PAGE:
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Lecture: Congo, war(s) without end?
Monday, April 20 | 12-2 p.m. | 219 Dwinelle Hall
Daniel Fahey, a UC Berkeley alum and former investigator for the UN Security Council, will share insights about armed conflicts, natural resources, and the role of the United Nations in eastern Democratic Republic of the Congo (DRC). Fahey was coordinator and finance expert on the UN Group of Experts on DRC, which is mandated by the Security Council to study armed groups, grave human rights violations, and the illicit trade in natural resources. He is currently an independent consultant and a visiting scholar at UC Berkeley’s Center for African Studies.
Lecture: Paul Goldberger, the generic city
Monday, April 20 | 4:10 p.m. | Chevron Auditorium International House
Paul Goldberger professor of design and architecture at The New School in New York City, has been called “the leading figure in architecture criticism” by the Huffington Post. In this lecture he will discuss whether cities are becoming more and more the same, and why, and what the implications for this are. Goldberger is also a celebrated author and winner of the 1984 Pulitzer Prize for distinguished criticism.
Lecture: Sexual assault, consent and criminal law
Monday, April 20 | 4-5:30 p.m. | 134 Boalt Hall, School of Law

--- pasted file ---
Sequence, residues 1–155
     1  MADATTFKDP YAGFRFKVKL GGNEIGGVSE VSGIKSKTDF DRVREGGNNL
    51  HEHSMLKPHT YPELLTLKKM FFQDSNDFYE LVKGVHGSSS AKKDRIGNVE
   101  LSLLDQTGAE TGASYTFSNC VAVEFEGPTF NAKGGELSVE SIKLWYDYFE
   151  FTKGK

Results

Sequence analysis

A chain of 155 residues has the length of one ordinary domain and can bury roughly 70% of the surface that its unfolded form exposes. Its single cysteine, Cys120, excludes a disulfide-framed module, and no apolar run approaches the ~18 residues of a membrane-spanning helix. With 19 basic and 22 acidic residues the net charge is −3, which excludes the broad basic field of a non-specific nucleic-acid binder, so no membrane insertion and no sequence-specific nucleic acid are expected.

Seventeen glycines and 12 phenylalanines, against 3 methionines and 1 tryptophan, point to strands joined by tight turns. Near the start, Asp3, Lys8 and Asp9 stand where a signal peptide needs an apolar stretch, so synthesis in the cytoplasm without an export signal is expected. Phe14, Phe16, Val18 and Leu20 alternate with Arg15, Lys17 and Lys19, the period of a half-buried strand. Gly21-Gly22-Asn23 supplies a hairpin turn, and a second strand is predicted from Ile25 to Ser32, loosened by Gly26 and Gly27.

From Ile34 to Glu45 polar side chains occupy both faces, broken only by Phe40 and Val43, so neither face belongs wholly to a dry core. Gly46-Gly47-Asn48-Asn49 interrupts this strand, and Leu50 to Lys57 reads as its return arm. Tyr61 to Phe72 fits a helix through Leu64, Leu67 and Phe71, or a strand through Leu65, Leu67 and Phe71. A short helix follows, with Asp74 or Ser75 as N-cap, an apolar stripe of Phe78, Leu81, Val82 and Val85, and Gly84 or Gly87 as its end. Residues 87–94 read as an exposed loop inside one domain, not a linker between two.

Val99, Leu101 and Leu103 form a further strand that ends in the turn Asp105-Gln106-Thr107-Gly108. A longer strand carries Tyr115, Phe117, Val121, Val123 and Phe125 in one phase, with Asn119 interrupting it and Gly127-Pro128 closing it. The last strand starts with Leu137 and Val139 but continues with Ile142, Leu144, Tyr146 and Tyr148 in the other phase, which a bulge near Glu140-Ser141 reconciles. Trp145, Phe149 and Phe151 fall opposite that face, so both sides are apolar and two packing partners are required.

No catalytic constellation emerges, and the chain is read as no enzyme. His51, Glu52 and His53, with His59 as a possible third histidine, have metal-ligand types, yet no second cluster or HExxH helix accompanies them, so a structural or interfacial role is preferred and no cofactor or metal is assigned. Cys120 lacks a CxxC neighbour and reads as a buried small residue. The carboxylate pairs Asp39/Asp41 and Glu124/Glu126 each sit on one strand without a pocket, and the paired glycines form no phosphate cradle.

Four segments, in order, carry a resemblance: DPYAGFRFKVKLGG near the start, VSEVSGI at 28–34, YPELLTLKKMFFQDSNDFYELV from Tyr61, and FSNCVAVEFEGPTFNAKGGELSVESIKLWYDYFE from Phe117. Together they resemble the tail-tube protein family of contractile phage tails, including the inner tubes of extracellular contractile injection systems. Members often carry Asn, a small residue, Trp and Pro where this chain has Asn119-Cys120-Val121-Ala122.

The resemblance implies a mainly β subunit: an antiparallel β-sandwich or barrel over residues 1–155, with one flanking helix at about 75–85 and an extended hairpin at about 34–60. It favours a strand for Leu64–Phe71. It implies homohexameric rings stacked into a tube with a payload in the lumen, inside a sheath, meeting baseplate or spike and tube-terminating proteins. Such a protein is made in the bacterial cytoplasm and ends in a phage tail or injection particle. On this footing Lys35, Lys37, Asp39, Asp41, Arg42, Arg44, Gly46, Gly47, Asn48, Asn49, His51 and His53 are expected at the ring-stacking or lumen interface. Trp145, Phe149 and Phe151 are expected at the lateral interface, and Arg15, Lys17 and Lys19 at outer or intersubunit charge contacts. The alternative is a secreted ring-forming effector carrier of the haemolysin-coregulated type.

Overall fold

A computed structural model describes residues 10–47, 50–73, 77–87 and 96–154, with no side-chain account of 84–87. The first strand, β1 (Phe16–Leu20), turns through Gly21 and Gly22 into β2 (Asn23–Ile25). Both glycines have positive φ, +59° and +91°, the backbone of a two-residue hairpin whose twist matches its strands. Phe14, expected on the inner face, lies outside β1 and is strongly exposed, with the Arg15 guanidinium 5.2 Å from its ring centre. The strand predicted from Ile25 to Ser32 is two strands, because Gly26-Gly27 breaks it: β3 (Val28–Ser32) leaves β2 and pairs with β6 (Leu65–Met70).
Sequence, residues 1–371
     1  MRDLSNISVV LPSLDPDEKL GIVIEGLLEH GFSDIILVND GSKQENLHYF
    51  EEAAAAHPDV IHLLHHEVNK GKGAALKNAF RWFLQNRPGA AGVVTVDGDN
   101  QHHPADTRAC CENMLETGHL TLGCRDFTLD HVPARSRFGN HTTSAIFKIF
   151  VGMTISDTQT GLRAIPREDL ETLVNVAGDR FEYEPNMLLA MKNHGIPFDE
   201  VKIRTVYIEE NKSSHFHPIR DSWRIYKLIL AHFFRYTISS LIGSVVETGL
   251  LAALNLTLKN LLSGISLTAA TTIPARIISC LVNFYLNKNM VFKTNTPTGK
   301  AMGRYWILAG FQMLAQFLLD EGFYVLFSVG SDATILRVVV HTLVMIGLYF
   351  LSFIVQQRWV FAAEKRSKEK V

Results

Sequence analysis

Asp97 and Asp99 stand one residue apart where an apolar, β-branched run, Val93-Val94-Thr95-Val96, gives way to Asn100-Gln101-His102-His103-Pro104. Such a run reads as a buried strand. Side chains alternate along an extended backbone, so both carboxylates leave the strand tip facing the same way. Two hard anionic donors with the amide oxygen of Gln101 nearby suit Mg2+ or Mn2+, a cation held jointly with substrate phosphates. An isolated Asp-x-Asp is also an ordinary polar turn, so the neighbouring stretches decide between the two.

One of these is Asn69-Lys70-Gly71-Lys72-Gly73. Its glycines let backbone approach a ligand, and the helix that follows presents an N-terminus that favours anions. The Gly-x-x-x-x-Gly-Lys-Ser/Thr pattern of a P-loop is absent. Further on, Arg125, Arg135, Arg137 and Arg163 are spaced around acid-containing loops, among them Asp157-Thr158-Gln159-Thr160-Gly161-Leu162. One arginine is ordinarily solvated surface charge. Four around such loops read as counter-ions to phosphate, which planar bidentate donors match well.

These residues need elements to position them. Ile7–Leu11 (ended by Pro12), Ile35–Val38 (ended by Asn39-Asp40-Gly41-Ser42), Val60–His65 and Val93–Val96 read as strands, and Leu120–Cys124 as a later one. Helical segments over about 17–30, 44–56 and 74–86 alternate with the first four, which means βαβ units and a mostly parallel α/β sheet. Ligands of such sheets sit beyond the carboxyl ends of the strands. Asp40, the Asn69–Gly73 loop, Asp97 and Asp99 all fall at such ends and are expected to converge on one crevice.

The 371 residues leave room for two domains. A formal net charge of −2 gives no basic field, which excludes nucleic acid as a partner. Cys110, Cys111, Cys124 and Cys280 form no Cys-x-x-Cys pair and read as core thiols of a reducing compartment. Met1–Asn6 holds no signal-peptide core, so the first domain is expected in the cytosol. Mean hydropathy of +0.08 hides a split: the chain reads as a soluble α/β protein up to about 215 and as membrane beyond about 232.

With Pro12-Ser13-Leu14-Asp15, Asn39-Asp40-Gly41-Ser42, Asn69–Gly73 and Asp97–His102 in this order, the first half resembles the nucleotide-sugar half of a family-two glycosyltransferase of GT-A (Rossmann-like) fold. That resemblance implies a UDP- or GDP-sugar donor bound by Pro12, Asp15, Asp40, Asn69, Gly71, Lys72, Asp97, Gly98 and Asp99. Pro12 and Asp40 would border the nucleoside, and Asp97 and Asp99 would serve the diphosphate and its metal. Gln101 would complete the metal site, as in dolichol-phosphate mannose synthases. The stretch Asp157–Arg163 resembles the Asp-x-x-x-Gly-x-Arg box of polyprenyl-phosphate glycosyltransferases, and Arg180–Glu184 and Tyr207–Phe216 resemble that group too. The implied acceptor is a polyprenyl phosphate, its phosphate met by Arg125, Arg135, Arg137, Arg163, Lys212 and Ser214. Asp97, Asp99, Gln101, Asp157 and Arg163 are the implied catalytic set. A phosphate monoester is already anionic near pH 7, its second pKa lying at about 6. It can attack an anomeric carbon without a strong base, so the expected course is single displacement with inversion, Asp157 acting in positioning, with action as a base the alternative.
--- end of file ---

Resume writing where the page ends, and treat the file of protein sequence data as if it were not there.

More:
Consent, in Canadian criminal law, is the legal dividing line between sexual contact which is criminal (when consent is absent or can not be given) and all other sexual engagement. As such, it is a critically important legal term of art. The legal definition of consent plays a crucial role in establishing the elements of the crime of sexual assault. Yet despite statutory and judicial attempts to determine its boundaries, the meaning of consent remains fraught, complex and inextricably bound up with social attitudes and expectations about gender and sexual relationships. This lecture will examine some of the key and leading sexual assault cases decided by the Supreme Court of Canada, situating them within their broader contexts.
Exhibit: Geographies of Innovation
March 30 – April 24, 2015 every day | 121 Wurster Hall
Geographies of Innovation reveals a history of design innovation at the intersection of landscape, technology, infrastructure, and ecology as represented by patents granted by the United States Patent and Trademark Office from the late 19th through the mid 20thcentury. The exhibition presents new perspectives and historical research on ecological technology, landscape systems, and green infrastructure across a range of scales, from the invention of the vertical garden in the 1930’s, to living and dynamic levees systems prototyped in the late 19th century.
Special event: Earth Week 2015
April 19 – 26, 2015 every day | UC Berkeley Campus
Celebrate Earth Week with a series of special events across the Berkeley campus. Enjoy lectures, music, games and more. Browse the calendar for a complete schedule.
Course: The rise and future of the food movement
January 26 – April 27, 2015 every Monday with exceptions | 6:30-8:30 p.m. | Live streaming
A UC Berkeley course with live streaming open to the public.